Timeshare operator Orange Lake Country Club priced a $148.76 million timeshare loan securitization wide of levels paid by Wyndham Worldwide, the latest timeshare operator to come to market.

Orange Lake Timeshare Trust 2014-A marks a return for an issuer that was last in the market in 2014. The 3.08-year, ‘AAA’-rated class A notes priced at swaps plus 119 basis points, 24 basis points wide of Wyndham’s July timeshare securitization, according to a Reuters report.

At the subordinate levels the Orange Lake ‘BBB’-rated class B notes priced at 194 basis points, 64 basis points wide of where the B notes printed on the Wyndham deal.

Wyndham is a more seasoned issuer in the securitization market, its July transaction was the timeshare operator’s 25th transaction.

Orange Lake Timeshare Trust 2014-A however is only the third securitization for Orange Lake. The deal is backed by a pool of 11,407 fixed-rate timeshare loans. Bank of America Merrill Lynch is the lead underwriter. Fitch Ratings assigned preliminary ratings to the deal.

Compared with its previous deal. Orange Lake Timeshare Trust 2014-A has, on average, loans with larger balances: $14,299, compared with $12,207 in the 2012-A transaction. The primary drivers of this increase are the increase in the price of a timeshare since the loans in 2012-A were originated, according to Fitch.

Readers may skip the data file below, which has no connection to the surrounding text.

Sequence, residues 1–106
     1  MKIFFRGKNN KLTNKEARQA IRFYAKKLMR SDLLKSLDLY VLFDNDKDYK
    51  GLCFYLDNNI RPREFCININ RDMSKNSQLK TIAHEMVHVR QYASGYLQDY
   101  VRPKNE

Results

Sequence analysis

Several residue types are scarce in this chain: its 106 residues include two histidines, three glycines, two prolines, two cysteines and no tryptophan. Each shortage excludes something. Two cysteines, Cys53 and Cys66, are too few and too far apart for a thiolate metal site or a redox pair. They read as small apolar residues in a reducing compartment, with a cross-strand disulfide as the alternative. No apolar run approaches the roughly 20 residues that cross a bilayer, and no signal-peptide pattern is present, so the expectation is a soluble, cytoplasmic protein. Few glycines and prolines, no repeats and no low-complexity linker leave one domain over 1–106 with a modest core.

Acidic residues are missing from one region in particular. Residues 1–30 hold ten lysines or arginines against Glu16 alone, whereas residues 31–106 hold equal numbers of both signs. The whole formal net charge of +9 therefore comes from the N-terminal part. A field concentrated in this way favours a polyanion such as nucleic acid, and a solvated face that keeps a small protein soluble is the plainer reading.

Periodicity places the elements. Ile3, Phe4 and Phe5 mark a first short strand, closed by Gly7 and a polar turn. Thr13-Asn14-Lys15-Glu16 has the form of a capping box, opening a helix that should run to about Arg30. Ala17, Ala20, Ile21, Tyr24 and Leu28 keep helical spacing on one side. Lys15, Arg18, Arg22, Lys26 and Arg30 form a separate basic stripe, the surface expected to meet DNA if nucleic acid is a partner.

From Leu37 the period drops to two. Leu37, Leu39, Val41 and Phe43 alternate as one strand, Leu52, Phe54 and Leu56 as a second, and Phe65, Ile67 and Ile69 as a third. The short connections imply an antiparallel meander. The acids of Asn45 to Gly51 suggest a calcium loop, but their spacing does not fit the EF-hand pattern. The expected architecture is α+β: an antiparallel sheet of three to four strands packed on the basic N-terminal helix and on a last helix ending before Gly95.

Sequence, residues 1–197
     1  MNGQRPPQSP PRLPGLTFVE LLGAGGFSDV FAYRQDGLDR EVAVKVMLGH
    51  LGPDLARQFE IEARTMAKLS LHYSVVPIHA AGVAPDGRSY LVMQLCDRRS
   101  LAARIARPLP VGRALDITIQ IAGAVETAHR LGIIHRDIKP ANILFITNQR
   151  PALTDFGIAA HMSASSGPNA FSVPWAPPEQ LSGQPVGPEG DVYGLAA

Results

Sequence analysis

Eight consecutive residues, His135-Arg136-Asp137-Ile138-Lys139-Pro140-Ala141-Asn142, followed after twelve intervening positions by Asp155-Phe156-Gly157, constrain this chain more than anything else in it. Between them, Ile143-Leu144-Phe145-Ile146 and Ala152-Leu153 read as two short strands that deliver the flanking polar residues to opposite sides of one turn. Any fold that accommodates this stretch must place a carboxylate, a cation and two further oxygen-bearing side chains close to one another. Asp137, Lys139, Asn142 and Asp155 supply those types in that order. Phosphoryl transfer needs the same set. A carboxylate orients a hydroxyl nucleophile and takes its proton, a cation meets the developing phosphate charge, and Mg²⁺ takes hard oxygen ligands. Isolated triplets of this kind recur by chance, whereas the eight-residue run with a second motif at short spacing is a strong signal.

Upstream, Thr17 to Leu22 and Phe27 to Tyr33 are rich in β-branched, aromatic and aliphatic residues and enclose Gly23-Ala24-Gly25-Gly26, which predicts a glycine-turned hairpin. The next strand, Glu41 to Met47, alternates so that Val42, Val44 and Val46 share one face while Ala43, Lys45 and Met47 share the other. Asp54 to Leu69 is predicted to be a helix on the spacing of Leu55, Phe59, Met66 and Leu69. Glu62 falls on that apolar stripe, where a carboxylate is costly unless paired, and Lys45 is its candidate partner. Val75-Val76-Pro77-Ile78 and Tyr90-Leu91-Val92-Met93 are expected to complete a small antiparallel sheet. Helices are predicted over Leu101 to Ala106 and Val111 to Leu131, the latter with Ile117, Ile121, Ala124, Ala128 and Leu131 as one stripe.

The weighted average FICO score of OLTT 2014-A is 732, down slightly from 735 in 2012-A, but up from 652 in the company's 2006 transaction. However, the 2014-A pool contains 8.5% loans with a FICO score less than 650, which were excluded from 2012-A.

The 2014-A pool also has 19 months of seasoning and an upgrade concentration of 53%, the highest to date, according to Fitch's presale report. Upgrades are loans to borrowers who trade their property in for another with a higher value. Orange Lake buys back the timeshare interest on the original property and the borrower's existing equity is applied toward the new purchase price.

Orange Lake Country Club has issued two prior deals. The first transaction, OLTT 2006-A, paid in full earlier this year with 22.74% cumulative gross defaults, above Fitch’s initial expectations. Yet the classes maintained their original ratings because the issuer has been active in substituting and repurchasing defaulted loans.

On the other hand, the second transaction, OLTT 2012-A, has performed within Fitch’s expectations to date, with cumulative defaults extrapolating below Fitch’s initial proxy. OLTT 2012-A has yet to incur a loss as all defaults have been substituted or repurchased to date.

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